Minority Contractors Find Their Voices on Terminal Modernization Program

Raised in family business, Jenee Oliver now guides small businesses on terminal work

By Alyson Walls

Published December 9, 2019

Read Time: 3 mins


Jenee Oliver grew up in Pittsburgh’s Homewood neighborhood, where her family has owned a small trucking business since the 1930s. She grew up hearing about the struggles of small- and minority- business owners.

“Our family trucking garage became an unofficial gathering spot for local community business owners to meet and seek resources to grow their business,” she said.

Helping others succeed became part of Oliver’s DNA, which makes it all the more fitting that she now serves as business diversity and outreach manager for the Allegheny County Airport Authority and, in particular, the Terminal Modernization Program.

“Growing up in a small-business family, I witnessed firsthand the obstacles that these business owners face,” she said.

“I realize that if someone had not removed obstacles for my grandfather more than 60 years ago and took a chance on a small minority-owned business, I probably would not be here today. With this position, I am able to articulate those obstacles to my colleagues at the airport and create solutions to removing them.”

Oliver’s skills are particularly relevant as the authority prepares to advertise for bid packages this spring and summer for construction of the new billion-dollar terminal and multi-use complex. For all contracts, the authority has a 14 percent participation goal for owners of Disadvantaged Business Enterprises, known as DBEs.

As the airport ramped up to expand the initiative, longtime administrative assistant Virginia Culbreath joined Oliver as the new TMP DBE coordinator.

“She listened to me and gave me a voice,” she said.

Oliver, Culbreath and other members of their team recently hosted a six-week course for disadvantaged, minority and small business owners to learn how to do business with the ACAA and other government entities.

Kristian Robinson, owner of KI Heavy Construction, said he is interested in making history by helping to build the new airport.

“There’s a huge opportunity there, and as a new company, we know how to build, but we don’t know all of the business aspects and bidding processes,” he said. “It can be challenging, but Jenee and her team are doing everything they can to help us work with the general contractors on this project, and we appreciate that.”

A family calling

Oliver was the only girl in the family and “not that into truck driving,” she said, so her parents encouraged her to focus on her education. She now has three college degrees, including a law degree from Duquesne University. This fall, she’ll start work on a fourth degree, an MBA from Penn State’s Smeal College of Business.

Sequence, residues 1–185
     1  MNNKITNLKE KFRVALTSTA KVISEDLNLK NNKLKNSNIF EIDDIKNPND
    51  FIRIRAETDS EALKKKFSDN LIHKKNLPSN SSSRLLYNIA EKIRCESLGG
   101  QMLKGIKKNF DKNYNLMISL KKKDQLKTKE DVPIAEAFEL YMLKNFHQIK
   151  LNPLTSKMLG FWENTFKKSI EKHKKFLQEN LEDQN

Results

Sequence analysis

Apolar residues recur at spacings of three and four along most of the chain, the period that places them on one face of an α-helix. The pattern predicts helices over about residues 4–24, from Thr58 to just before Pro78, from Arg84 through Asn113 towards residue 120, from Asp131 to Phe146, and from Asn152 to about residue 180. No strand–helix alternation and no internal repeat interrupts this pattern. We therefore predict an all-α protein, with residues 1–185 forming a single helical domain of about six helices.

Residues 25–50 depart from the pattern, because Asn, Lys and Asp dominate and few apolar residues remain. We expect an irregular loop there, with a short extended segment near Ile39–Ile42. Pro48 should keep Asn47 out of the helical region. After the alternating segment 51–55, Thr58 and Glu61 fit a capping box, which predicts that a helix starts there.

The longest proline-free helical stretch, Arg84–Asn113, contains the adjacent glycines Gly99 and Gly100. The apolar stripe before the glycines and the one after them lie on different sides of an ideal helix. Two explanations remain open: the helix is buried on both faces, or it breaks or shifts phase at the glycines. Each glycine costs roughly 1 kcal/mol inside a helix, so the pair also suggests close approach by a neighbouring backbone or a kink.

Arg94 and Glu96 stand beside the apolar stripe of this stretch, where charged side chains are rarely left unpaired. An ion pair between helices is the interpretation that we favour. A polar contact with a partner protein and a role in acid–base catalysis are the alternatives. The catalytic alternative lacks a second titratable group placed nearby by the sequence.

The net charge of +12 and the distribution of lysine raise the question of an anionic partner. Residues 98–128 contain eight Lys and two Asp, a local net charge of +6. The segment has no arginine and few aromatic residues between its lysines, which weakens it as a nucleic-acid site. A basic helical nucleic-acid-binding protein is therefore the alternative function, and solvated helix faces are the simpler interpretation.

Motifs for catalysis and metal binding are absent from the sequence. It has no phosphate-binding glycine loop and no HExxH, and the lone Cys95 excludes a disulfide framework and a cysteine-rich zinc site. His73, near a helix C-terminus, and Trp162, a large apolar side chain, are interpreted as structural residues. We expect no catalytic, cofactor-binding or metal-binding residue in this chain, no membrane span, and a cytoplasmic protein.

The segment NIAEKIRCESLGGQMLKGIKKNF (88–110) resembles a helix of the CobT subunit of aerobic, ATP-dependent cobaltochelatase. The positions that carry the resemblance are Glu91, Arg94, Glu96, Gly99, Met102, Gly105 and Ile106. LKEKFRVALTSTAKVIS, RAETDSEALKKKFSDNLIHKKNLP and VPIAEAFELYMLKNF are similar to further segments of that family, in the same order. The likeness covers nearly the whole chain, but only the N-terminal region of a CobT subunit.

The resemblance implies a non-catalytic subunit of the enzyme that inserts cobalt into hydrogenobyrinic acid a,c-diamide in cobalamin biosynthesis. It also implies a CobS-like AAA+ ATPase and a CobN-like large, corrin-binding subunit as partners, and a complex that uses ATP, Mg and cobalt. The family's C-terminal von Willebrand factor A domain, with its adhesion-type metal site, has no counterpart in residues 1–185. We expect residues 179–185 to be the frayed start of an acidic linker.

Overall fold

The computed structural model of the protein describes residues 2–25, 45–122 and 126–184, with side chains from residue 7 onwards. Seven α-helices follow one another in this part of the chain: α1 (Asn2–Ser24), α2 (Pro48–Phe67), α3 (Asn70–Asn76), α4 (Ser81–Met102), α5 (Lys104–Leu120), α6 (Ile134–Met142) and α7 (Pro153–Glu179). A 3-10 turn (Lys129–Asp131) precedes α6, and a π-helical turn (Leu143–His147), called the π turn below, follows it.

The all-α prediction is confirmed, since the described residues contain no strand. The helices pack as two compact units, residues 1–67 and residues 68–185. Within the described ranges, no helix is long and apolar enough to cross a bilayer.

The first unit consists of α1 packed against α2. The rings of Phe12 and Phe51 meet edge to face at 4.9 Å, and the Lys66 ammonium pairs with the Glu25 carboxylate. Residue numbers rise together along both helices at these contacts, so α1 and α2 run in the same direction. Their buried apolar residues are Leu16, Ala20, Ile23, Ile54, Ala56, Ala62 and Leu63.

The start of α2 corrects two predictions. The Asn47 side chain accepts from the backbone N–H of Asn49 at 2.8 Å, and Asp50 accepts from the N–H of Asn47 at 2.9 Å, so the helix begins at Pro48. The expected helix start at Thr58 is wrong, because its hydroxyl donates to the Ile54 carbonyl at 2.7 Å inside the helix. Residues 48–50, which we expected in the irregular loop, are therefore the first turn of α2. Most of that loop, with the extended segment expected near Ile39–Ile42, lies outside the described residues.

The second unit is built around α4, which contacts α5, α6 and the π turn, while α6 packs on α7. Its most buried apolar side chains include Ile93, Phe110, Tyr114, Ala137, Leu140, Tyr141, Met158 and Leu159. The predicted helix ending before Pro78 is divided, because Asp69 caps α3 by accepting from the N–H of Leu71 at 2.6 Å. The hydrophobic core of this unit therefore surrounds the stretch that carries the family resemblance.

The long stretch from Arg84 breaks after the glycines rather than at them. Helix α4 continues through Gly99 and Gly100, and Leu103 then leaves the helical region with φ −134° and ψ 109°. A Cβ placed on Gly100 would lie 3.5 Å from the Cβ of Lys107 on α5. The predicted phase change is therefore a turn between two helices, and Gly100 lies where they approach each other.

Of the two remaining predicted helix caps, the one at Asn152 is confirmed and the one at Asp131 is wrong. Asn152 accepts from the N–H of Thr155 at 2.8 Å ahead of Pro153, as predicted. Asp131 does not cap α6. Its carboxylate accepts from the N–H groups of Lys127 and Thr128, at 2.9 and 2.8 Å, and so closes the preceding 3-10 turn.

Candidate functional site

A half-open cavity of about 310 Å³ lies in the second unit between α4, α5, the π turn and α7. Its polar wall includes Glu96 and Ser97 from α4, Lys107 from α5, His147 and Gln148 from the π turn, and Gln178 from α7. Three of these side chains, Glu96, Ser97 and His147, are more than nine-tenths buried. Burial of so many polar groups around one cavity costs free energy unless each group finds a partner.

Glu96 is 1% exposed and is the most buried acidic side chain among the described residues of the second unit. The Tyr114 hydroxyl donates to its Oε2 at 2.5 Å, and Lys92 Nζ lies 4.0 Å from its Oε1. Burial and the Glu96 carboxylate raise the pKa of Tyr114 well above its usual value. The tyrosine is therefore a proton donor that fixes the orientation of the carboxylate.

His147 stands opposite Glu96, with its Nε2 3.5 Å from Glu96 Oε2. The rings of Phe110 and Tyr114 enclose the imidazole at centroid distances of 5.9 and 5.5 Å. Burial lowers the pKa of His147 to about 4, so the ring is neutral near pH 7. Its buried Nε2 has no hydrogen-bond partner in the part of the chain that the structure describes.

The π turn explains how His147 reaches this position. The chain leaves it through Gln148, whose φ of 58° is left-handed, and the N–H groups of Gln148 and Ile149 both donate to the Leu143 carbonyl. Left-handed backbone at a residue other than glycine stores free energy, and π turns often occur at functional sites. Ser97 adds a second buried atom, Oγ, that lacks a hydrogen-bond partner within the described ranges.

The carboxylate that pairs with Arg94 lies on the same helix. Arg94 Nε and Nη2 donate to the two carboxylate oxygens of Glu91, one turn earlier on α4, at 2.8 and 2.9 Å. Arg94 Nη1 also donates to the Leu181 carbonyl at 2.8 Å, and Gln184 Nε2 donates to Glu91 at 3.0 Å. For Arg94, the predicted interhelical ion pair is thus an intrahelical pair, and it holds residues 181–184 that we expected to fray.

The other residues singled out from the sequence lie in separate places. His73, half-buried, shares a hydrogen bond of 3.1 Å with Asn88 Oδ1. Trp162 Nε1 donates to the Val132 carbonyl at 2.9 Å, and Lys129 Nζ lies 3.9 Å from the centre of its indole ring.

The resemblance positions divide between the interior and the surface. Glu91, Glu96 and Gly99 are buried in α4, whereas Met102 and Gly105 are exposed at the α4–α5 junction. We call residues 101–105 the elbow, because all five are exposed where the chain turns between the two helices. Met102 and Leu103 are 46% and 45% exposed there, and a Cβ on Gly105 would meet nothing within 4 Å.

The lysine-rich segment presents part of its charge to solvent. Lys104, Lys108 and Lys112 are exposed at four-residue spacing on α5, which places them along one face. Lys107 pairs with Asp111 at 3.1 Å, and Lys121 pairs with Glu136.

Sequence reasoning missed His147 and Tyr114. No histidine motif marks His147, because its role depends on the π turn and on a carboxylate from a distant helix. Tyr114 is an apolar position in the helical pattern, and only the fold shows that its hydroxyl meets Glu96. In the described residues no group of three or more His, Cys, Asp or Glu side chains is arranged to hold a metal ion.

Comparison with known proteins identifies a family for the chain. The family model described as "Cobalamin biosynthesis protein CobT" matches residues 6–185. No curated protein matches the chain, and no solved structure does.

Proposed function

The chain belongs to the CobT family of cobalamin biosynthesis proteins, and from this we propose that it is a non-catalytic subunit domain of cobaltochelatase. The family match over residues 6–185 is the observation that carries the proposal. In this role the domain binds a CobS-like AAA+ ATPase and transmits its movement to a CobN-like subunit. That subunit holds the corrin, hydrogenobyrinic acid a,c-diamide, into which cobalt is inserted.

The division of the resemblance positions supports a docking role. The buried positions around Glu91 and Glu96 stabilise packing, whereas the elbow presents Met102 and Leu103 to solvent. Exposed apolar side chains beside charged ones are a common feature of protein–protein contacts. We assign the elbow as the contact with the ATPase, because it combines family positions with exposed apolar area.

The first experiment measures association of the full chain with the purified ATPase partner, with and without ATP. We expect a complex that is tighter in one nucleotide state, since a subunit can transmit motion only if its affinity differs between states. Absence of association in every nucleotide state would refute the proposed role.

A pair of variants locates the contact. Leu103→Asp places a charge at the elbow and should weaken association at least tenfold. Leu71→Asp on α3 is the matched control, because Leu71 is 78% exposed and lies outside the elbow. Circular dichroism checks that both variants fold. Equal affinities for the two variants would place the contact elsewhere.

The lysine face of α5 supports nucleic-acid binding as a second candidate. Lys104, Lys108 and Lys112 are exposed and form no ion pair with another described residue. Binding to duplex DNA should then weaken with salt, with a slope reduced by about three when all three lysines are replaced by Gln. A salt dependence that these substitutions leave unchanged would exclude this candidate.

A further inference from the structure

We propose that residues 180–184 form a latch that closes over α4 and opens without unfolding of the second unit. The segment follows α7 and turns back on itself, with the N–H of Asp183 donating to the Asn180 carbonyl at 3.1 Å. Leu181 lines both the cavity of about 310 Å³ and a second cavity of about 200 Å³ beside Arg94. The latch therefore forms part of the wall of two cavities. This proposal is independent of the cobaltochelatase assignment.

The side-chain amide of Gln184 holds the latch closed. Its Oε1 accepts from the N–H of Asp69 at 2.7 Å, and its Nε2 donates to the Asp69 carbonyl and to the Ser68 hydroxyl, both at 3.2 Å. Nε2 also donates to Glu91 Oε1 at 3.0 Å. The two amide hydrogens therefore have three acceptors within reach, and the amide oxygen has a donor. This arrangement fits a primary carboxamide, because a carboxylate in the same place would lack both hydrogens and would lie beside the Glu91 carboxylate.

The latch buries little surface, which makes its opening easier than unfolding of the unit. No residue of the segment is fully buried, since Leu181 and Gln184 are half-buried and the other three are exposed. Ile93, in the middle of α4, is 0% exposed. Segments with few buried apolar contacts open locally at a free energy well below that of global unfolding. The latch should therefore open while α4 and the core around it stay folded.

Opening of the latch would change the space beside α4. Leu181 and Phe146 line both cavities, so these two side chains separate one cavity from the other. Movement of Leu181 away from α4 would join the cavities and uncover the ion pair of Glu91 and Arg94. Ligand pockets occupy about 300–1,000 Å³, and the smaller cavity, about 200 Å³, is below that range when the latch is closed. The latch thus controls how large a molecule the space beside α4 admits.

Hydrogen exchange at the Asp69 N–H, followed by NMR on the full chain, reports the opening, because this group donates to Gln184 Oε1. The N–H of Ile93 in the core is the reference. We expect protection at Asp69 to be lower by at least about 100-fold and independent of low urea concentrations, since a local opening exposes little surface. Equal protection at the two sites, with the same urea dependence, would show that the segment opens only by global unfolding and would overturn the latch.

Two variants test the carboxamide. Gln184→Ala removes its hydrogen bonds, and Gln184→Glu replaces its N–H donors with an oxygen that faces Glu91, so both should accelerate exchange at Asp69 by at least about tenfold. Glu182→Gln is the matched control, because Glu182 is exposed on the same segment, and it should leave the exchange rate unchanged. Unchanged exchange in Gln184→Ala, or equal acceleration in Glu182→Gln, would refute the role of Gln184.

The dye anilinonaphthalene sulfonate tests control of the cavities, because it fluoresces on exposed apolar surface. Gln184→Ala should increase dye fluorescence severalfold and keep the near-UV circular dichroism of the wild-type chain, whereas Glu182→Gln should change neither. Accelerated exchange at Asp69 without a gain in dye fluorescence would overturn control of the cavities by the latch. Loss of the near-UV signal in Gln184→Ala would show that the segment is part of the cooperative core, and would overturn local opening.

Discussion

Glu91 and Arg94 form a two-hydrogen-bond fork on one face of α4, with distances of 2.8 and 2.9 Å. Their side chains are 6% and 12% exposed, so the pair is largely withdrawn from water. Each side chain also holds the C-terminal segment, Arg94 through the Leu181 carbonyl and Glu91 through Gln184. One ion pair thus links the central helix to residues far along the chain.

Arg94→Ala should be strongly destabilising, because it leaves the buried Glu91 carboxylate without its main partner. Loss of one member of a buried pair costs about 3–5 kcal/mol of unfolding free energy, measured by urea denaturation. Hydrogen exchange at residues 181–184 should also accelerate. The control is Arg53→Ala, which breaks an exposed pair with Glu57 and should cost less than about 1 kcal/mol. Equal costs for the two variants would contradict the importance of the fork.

In November, new graduates of the six-week DBE Bonding Series course received their certificates of completion. (Photo by Alyson Walls)

True to her family’s entrepreneurial background, after passing the bar exam, Oliver started her own law practice that focused on business and contract law and assisting small business owners. She also did some pro bono criminal defense work for a mid-size Downtown law firm.

But she never strayed far from the calling she first heard in her family’s garage.

As 20 new graduates of the DBE Bonding Series received their certificates of completion last month, it was evident Oliver is expanding the family business in an important way.

“Not only can these business owners bid on airport projects, but now they can bid on any project in the city, so we’re building their capacity,” she said. “We’re getting the message out that we care about DBEs and are offering them support services.”

Brandon Leslie, owner of B and R Plumbing, said he attended the course to take his 21/2-year-old-business to the next level by getting bonded, which means that a company will guarantee completion of contracted work.

“To be able to come in and network and learn about the requirements for the airport project has been very helpful for me and other small business owners who would like to participate,” Leslie said.

The work is rewarding, Oliver said. And while the environment is fast-paced, the airport atmosphere is collaborative, with everyone’s voice valued.

“We get to see the results of everyone’s hard work every time a new flight or project is announced,” she said. “I truly appreciate being part of the airport team.”

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